Wednesday, December 29, 2010

NSPCC Threatens Music Teachers

Fury of music teachers over 'no touching' diktat

Looks like the NSPCC are at it again, ostensibly protecting children by persecuting innocent adults. Well, they have to do something to keep all that lovely public money pouring in.

Music teachers have been told to avoid physical contact with pupils because of fears of accusations of paedophilia.

The Musicians’ Union has released a video, backed by the NSPCC, calling on members not to touch students.

It said the policy would protect tutors, who face immediate suspension if an accusation of inappropriate touching is made and often have their careers destroyed even if they are found to be innocent.

But teachers have branded the film a ‘hysterical overreaction’ and say it is likely only to heighten children’s anxiety about paedophilia.

They point out that touching pupils is often the only way to straighten backs, reposition hands or correct other common errors made by developing musicians.

The film, Keeping Children Safe In Music, shows a sinister-looking music teacher helping a boy to play the violin. As the teacher intervenes to correct his play by putting his hand on his shoulder and his fingers in the correct place on the strings, the youngster looks concerned.

A voiceover says: ‘There are times when you need to demonstrate particular techniques.

‘In the past, this has been done by touching students, but this can make them feel uncomfortable, and can leave teachers open to accusations of inappropriate behaviour.

‘It isn’t necessary to touch children in order to demonstrate: there’s always a better way.’

The scene is then replayed, with the teacher demonstrating on his own violin rather than touching the boy.

The film, which is also posted on YouTube, describes itself as an ‘online resource allowing anyone teaching music to children to gain a better understanding of their child protection responsibilities and avoid situations that could lead to accusations of misconduct’.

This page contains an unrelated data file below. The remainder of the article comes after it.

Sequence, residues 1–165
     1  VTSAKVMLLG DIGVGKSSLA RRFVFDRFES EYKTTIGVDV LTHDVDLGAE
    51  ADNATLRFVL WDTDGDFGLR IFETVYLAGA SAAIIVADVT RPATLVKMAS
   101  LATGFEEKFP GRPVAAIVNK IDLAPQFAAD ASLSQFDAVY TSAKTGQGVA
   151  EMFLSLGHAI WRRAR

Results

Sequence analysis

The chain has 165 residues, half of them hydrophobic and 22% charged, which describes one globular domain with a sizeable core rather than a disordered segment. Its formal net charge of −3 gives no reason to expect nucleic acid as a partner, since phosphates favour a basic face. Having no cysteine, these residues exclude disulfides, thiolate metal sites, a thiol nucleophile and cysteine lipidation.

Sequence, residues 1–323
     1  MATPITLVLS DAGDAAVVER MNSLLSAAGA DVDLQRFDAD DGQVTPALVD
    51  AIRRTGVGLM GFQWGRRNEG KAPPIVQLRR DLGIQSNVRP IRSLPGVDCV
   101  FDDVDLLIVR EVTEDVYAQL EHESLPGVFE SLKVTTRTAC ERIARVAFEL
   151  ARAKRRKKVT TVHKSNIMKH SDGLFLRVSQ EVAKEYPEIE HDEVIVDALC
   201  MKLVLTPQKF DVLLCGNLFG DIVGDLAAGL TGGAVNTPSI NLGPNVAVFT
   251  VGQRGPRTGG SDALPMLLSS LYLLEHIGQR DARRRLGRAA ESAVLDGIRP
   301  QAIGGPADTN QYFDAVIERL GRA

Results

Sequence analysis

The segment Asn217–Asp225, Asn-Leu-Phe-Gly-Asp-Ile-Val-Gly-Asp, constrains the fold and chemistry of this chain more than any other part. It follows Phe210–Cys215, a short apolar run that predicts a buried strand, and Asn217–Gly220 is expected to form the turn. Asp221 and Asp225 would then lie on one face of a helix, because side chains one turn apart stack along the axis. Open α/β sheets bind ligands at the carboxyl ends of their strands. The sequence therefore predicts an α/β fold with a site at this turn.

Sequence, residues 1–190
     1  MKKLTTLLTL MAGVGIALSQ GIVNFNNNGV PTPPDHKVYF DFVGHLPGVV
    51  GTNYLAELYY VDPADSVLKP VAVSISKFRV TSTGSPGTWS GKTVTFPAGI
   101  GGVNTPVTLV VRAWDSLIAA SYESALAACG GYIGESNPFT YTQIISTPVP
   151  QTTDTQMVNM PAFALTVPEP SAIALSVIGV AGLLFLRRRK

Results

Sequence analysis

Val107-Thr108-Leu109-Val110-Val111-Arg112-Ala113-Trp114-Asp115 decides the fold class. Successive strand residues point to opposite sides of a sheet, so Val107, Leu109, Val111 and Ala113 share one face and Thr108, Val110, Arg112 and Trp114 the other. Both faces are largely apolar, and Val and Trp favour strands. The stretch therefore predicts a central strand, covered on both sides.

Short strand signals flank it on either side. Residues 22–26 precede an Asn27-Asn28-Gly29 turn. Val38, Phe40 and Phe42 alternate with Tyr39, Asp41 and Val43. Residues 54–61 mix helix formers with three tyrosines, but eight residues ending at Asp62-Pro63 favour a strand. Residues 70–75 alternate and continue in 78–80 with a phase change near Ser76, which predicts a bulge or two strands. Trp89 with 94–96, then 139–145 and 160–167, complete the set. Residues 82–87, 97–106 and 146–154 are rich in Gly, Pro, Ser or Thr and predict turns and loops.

Music teachers writing on the website of the Associated Board of the Royal Schools of Music, which also backed the film, called it ‘madness’.

One wrote: ‘It’s much better to steer a child into position than spend ten minutes trying to get them [there] without touching them. It’s also far from protecting children. It’s bringing them up to think that there is something dirty about touch and to be suspicious.’

A mother who teaches piano wrote: ‘If a child slouches while playing, a small prod in the small of their back will make them sit up without disrupting the flow.

‘Child protection vital but we’ve lost sight of the wood for the trees.’

The head of a music school posted: ‘Those who have turned caring adults into teachers and relations scared stiff to touch a child are the ones who should be told “hands off”.’

Josie Appleton, of the Manifesto Club, which campaigns against over-regulation of everyday life, said: ‘This official video makes everyone paranoid about touch and the creepy tone makes out that all violin teachers are like paedophiles and presents all touching as lecherous.’

A Musicians’ Union spokesman said: ‘Having to be more creative and find alternatives to touching reinforces the learning process. We would be being irresponsible if we did not advise our members of the risks they are taking if they do make physical contact with children.’

An NSPCC spokesman said: ‘The NSPCC works with many organisations helping develop policies and guidelines. The aim is for these to be proportionate to the circumstances.’

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